The major technical regulations overhaul introduced by Formula 1 for the 2022 season is arguably the biggest the sport has ever seen in a single season.
More than anything, the radical rules changes were aimed at changing wheel-to-wheel racing by greatly reducing the ‘dirty air’ effect fans enjoyed during the race due to how aerodynamic the previous cars were.
For many years, Formula 1 drivers struggled to get close to their rivals because of how much power they lost behind other cars. In the year In 2011, F1 and the FIA introduced the new drag reduction system, which was designed to increase the chances of overtaking by allowing drivers to open their rear wing flaps and add more speed to the cars in front – but only in certain zones of the circuit when the car is within seconds of it.
In the 12 seasons that DRS has been part of Formula 1, it has had no shortage of critics. Many consider the system to be unfair, giving a driver an arbitrary advantage over their rivals in front of them that they cannot use with protection. With the added speed provided by DRS, many passing maneuvers with the device are considered too easy, such as when passing another car on the street, robbing skill from pulling off a successful pass.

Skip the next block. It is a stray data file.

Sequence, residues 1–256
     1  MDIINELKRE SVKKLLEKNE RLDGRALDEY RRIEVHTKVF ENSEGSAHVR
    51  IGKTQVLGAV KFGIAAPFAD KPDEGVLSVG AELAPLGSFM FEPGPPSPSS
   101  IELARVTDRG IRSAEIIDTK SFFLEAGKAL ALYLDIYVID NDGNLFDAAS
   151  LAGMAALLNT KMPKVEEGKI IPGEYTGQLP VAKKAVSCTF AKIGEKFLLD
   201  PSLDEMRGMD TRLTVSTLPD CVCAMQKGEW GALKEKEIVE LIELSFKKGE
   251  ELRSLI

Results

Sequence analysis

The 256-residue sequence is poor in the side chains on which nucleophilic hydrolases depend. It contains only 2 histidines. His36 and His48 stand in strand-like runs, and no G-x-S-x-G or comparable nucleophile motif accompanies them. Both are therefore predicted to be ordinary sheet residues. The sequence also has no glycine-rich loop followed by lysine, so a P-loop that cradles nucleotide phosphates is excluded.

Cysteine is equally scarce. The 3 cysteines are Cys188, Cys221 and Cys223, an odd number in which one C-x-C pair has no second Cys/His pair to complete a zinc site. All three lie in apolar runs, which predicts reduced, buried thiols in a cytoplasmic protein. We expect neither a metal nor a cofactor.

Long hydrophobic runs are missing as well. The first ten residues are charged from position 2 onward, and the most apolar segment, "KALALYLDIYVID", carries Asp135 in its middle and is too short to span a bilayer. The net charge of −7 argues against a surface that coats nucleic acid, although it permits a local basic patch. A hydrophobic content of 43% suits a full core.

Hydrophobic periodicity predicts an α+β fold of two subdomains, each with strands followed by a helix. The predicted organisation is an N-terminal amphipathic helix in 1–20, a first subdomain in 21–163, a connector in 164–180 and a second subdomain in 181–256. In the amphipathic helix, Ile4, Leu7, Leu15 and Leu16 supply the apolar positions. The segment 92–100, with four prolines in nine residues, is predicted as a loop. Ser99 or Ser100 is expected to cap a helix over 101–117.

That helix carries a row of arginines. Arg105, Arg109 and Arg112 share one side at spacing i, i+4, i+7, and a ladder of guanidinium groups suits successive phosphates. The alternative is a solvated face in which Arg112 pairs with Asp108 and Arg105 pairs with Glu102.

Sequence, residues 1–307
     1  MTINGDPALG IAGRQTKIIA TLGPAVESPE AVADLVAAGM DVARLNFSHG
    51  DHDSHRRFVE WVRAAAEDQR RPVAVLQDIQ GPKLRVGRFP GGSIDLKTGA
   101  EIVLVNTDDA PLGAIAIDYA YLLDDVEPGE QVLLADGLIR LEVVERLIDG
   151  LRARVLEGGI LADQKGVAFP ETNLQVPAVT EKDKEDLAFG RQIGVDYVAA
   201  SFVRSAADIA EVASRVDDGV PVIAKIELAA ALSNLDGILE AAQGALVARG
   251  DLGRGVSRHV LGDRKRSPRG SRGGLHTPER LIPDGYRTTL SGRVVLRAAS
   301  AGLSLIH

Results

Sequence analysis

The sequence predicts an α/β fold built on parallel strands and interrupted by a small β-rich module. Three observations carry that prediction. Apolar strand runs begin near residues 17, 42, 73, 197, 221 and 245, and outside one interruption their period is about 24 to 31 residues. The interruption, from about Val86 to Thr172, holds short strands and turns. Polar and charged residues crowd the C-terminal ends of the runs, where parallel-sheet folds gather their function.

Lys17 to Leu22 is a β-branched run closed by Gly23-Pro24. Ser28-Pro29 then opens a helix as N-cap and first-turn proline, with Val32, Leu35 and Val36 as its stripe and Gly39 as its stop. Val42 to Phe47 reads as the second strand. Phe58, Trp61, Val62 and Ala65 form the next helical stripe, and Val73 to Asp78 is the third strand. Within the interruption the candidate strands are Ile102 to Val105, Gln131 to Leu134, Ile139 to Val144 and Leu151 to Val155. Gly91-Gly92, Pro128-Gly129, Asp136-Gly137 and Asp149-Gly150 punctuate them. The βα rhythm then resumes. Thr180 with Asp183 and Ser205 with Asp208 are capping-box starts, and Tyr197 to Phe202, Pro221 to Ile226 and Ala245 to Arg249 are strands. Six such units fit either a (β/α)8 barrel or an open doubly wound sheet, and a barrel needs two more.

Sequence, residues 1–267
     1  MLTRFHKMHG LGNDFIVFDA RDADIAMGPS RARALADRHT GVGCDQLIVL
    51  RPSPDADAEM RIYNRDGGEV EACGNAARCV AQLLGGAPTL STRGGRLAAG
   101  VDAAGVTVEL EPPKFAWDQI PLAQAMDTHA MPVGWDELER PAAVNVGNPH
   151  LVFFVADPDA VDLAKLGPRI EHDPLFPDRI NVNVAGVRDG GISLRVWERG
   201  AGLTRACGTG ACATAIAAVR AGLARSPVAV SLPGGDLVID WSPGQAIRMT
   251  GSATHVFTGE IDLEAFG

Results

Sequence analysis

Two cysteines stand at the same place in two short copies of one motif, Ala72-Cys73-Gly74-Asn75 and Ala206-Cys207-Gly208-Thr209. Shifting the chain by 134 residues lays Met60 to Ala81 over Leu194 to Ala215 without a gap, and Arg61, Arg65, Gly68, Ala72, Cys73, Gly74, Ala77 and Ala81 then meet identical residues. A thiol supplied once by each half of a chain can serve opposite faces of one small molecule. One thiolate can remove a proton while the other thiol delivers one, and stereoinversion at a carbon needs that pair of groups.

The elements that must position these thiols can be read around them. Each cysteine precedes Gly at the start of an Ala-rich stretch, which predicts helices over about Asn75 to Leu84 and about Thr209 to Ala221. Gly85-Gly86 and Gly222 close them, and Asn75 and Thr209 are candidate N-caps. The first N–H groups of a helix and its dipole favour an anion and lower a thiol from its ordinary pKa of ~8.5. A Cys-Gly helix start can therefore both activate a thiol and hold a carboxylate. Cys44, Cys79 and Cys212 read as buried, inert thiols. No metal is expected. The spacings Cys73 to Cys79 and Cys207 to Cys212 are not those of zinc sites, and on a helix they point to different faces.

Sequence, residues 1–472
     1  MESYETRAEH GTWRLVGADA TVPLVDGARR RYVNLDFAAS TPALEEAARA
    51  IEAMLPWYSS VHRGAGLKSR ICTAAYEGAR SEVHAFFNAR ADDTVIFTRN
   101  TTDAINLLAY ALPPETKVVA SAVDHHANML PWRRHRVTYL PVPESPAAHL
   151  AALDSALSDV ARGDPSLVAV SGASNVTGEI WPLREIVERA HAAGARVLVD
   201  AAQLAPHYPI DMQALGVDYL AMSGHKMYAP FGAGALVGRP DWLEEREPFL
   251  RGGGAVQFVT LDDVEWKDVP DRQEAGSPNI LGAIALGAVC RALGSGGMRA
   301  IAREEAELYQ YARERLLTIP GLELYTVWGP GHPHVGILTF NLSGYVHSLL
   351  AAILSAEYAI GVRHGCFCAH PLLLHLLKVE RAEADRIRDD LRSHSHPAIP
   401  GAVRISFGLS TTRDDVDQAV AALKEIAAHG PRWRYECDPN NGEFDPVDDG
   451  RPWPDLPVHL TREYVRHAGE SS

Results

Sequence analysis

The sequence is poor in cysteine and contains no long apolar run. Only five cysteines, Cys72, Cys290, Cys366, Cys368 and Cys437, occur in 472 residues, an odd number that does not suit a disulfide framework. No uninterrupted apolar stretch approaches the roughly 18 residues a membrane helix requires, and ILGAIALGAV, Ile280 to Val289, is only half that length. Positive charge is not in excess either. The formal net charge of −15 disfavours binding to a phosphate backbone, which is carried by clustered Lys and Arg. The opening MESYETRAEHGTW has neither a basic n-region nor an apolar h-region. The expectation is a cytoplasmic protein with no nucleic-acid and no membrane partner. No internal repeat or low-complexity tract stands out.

By ushering in F1’s 2nd era of ground effect, many critics of DRS hope the new cars will render assistance obsolete, an unnecessary gimmick as drivers will have more opportunities to pass unaided. Before the start of the season, F1 teams discussed the option of removing DRS if the new cars were successful. But there are no signs from the FIA, Formula 1 or the ten teams that they plan to remove the controversial system.
But is it time for the sport to consider getting rid of DRS?